Cryptography Expert Wins ACM Doctoral Dissertation Award
Microsoft Researcher Honored for Advances in Privacy Protection for Information Retrieval
The Association for Computing Machinery
Advancing Computing as a Science & Profession
Contact: Virginia Gold
NEW YORK, May 22, 2008 – Sergey Yekhanin, a researcher at Microsoft Research Silicon Valley Lab, has won the 2007 Doctoral Dissertation Award from ACM (the Association for Computing Machinery) for developing a novel approach to protecting the privacy of users’ queries when they are accessing a public database. His dissertation is titled “Locally Decodable Codes and Private Information Retrieval Schemes.” Yekhanin, nominated by Massachusetts Institute of Technology (MIT), will receive the Doctoral Dissertation Award and its $20,000 prize at the annual ACM Awards Banquet on June 21, in San Francisco, CA. Financial sponsorship of this award is provided by Google Inc.
The issue of preserving individual privacy and anonymity without impairing the user’s ability to access various web resources is an important component in making cyber-infrastructure secure and more usable. Private information retrieval (PIR) schemes allow a user to retrieve an item from a server that hosts a database without revealing which item the user is retrieving. PIRs are closely related to a special kind of error-correcting code known as locally decodable codes (LDCs). They are used to ensure reliable transmission of information over noisy channels, and to provide reliable storage information on a medium that is subject to corruption and reading errors.
Yekhanin’s research provides a fresh algebraic look at the theory of PIR schemes and LDCs, and creates new families of PIRs and LDCs that have much better parameters than those previously constructed. For PIRs, these parameters include communication complexity, which counts the number of bits exchanged between the user and the servers, and the number of servers involved in a protocol. For LDCs, these parameters include codeword length, which measures the amount of redundancy that is introduced into the message by the encoder; and query complexity, which counts the number of bits that need to be read from the codeword in order to recover a single bit of message.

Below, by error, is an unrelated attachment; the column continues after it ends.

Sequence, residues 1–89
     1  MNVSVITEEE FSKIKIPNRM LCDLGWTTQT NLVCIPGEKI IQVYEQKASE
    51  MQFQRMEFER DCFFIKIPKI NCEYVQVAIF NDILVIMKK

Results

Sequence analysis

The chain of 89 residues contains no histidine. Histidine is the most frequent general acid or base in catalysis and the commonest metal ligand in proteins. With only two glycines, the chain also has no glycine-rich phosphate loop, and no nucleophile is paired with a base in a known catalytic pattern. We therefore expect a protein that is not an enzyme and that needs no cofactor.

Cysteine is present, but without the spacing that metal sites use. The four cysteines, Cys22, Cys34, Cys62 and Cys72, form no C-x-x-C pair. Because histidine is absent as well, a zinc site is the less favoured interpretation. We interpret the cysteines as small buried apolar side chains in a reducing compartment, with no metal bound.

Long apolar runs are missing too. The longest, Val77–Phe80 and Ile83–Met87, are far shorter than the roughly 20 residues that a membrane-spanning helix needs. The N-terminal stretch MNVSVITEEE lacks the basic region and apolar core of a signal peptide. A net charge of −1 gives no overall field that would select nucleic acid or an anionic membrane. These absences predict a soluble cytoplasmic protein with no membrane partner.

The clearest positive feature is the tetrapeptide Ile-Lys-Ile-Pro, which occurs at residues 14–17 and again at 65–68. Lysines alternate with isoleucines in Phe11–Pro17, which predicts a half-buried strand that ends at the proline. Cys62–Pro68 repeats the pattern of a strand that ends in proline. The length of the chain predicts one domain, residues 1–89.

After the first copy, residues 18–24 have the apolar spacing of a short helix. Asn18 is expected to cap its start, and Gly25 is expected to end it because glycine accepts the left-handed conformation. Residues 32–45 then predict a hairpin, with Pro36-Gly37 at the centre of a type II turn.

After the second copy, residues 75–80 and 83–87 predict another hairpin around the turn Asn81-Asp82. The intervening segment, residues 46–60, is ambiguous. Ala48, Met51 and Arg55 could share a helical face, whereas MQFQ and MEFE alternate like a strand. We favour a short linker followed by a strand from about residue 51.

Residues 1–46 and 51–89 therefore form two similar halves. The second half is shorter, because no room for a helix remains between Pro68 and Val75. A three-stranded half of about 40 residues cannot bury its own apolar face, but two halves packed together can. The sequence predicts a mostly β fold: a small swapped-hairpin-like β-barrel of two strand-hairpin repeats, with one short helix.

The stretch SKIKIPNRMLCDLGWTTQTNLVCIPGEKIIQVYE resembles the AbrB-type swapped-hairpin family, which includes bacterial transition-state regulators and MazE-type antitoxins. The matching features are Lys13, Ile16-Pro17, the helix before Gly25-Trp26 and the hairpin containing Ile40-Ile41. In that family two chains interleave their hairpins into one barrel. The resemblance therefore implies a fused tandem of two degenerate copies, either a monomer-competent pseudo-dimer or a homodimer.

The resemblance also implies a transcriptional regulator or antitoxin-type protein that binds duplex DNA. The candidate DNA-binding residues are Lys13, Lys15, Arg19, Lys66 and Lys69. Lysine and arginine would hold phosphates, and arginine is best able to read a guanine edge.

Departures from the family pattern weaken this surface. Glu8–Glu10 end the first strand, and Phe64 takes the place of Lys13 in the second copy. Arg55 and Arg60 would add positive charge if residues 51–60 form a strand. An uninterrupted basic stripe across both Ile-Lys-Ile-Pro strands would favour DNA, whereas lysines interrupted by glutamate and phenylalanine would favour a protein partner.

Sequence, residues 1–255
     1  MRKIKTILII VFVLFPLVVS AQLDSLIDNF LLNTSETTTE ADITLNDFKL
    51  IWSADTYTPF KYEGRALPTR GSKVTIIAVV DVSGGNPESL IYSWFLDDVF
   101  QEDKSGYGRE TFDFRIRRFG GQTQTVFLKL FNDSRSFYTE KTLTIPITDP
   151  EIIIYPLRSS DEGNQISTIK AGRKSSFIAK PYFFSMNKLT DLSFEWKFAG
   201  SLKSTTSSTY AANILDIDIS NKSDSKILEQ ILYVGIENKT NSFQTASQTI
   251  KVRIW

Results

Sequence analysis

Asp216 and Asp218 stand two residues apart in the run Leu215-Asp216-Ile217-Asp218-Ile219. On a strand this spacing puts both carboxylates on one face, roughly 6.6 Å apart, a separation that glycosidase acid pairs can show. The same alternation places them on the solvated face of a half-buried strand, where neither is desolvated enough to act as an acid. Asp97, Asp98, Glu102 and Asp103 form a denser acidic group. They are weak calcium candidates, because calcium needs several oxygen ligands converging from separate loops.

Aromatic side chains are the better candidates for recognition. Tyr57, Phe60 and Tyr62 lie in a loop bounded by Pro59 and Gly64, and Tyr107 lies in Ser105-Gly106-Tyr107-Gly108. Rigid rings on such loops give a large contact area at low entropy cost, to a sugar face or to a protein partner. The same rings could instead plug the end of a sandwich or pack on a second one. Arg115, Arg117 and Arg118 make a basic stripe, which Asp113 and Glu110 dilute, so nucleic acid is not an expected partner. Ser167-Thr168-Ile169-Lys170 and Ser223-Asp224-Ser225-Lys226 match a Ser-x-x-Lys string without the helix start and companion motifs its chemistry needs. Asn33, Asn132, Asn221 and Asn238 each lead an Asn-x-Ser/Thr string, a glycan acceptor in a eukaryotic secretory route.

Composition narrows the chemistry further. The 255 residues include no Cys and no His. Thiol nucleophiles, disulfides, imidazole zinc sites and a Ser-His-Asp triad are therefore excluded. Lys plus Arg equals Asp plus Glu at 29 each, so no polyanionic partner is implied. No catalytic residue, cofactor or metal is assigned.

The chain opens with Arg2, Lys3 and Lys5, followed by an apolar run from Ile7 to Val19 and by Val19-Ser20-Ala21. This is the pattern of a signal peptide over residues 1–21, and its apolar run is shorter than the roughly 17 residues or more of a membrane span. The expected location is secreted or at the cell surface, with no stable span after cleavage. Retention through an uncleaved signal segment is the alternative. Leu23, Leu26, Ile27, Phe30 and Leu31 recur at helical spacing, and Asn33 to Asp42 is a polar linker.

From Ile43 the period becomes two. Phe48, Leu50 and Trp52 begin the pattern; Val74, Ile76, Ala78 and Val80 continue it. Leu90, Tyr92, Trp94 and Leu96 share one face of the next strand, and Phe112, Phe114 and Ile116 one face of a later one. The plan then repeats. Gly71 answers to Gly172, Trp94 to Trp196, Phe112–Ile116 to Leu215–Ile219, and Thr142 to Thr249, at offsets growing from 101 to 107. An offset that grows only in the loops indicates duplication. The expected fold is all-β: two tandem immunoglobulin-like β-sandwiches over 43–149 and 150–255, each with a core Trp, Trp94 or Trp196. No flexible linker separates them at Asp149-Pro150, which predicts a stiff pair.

Yekhanin’s results have also yielded progress in the areas of protection for data storage, secure multi-party computation, and computational complexity.
A graduate of Moscow State University in Russia, Yekhanin received his Ph.D. degree in computer science from MIT. Before joining Microsoft Research, he was a member of the School of Mathematics at the Institute for Advanced Study in Princeton, NJ.
Three recipients received Honorable Mention for the 2007 ACM Doctoral Dissertation Award, which carries a $10,000 prize, with financial sponsorship provided by Google. They are:
- Benny Applebaum, a post doctoral candidate at Princeton University, for his dissertation "Cryptography in Constant Parallel Time," nominated by Technion – Israel Institute of Technology
- Yan Liu, a Research Staff Member at IBM Research, for her dissertation "Conditional Graphical Models for Protein Structure Prediction," nominated by Carnegie Mellon University
- Vincent Conitzer, Assistant Professor of Computer Science and Economics at Duke University, for his dissertation "Computational Aspects of Preference Aggregation," nominated by Carnegie Mellon University.
ACM, the Association for Computing Machinery www.acm.org, is the world’s largest educational and scientific computing society, uniting computing educators, researchers and professionals to inspire dialogue, share resources and address the field’s challenges. ACM strengthens the computing profession’s collective voice through strong leadership, promotion of the highest standards, and recognition of technical excellence. ACM supports the professional growth of its members by providing opportunities for life-long learning, career development, and professional networking.
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